Ebay had just launched; “Toy Story” premiered in theaters; Operation Desert Storm officially ended; and Alanis Morissette released her award-winning album “Jagged Little Pill.” A lot has changed since 1995, the year Los Angeles Convention Center
was most recently renovated, yet the facility has remained almost frozen in time. It shows in the meetings industry, which has been taking citywides elsewhere (San Diego
hosted more than 60 last year, compared to L.A.’s 26).
Robert “Bud” Ovrom, executive director of the new Los Angeles Department of Convention & Tourism Development
, is out to change that. While Ovrom is up for the feat, he’s candid about the challenges he and his team face in trying to complete the project by the 2020 target date. “Our space, quite frankly, is very tired and underperforming as a result,” says Ovrom.
The first step toward change was launching a competition for a new design. Out of 11 teams, the Kansas City, Missouri-based architecture firm Populous submitted the winning plan, led by Michael Lockwood, senior principal and architect. In a nutshell, the plan calls for integrating the building with the nearby $2.5 billion L.A. Live entertainment complex, home to, among other desirable venues, Microsoft Theater
, Club Nokia
, Grammy Museum
, and a dual-branded JW Marriott and Ritz-Carlton hotel.
“Conventioneers are not only going to the convention center, they’re going to L.A.,” says Lockwood.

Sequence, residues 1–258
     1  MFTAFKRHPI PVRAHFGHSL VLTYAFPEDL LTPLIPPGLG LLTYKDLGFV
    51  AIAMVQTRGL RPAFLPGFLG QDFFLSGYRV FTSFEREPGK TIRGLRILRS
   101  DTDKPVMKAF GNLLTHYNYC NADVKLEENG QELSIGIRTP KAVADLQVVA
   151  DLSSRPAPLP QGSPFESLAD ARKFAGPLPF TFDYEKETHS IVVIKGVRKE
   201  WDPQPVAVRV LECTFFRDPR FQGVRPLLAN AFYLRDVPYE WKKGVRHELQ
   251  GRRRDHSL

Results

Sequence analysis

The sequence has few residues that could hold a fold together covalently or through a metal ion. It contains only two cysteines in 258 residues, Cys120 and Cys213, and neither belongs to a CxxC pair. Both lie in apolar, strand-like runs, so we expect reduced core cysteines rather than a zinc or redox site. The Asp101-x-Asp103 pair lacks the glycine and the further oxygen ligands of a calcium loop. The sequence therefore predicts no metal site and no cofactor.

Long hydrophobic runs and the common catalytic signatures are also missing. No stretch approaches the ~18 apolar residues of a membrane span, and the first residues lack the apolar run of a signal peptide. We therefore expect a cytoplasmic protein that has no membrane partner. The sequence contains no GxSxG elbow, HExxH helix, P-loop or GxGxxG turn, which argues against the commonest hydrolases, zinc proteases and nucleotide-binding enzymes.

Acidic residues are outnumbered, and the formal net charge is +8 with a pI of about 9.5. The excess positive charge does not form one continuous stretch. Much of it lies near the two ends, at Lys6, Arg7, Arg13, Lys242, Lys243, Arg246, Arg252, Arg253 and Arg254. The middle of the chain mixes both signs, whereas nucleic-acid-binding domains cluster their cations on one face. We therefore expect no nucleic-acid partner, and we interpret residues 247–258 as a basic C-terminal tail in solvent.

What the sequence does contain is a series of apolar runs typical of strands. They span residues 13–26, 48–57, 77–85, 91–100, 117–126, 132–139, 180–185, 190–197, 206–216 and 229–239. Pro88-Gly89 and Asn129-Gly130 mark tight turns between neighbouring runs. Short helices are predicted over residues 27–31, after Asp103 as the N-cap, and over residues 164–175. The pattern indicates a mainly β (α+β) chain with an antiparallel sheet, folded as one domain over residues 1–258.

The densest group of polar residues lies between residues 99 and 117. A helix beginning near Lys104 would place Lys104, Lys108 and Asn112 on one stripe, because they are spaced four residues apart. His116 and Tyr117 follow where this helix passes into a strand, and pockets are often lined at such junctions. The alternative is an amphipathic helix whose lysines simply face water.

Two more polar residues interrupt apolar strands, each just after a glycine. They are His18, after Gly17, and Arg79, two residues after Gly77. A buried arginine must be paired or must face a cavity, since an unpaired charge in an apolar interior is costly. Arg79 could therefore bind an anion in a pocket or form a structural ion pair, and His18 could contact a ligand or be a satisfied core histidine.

The new design also aims to capitalize on the traditional So-Cal experience by putting attendees “one step away from sunshine,” says Ovrom. But that doesn’t only mean loads of windows. It means understanding and arranging programmatic spaces with direct adjacency to daylight, says Lockwood. The new 97,000-sq.-ft. ballroom—the largest in California—will sit atop the facility and have panoramic views of downtown. “When you’re in this ballroom, you’re going to know you’re in L.A.,” exclaims Ovrom.
[inlinead align="left"]"It’s no longer only about square footage and meeting spaces. It’s about how those spaces are arranged and what kind of experience they give you. People want the space to be theirs, about them and tailored to their group.”[/inlinead]
An outdoor space adjacent to the ballroom will have a covered roof with rigging capabilities and be open on each end, meaning it can be used rain or shine.
Other major changes to LACC include expanding the West Hall to approximately 355,000 square feet and adding a 1,000-room connected hotel. Though the groundbreaking on the LACC project is slated for early 2016, much is being done to bulk up hotel inventory in the surrounding area already.
“We’ve set a goal of building 4,000 more rooms by 2020,” says Ovrom, adding about 1,700 rooms are currently under construction, including a 900-room InterContinental property and a 350-room W Hotel.
Ironically, the two decades the convention center sat without upgrades may pay off now with the $470 million budget.
“The silver lining in not having done anything with the convention center in 20 years is we have relatively low debt,” says Ovrom, noting the West Hall is paid off,
and the South Hall will be paid off in six years. LACC is also partially funded by a 14 percent transient occupancy tax set by the city. Ovrom adds the plan won’t require raising existing taxes or levying new ones.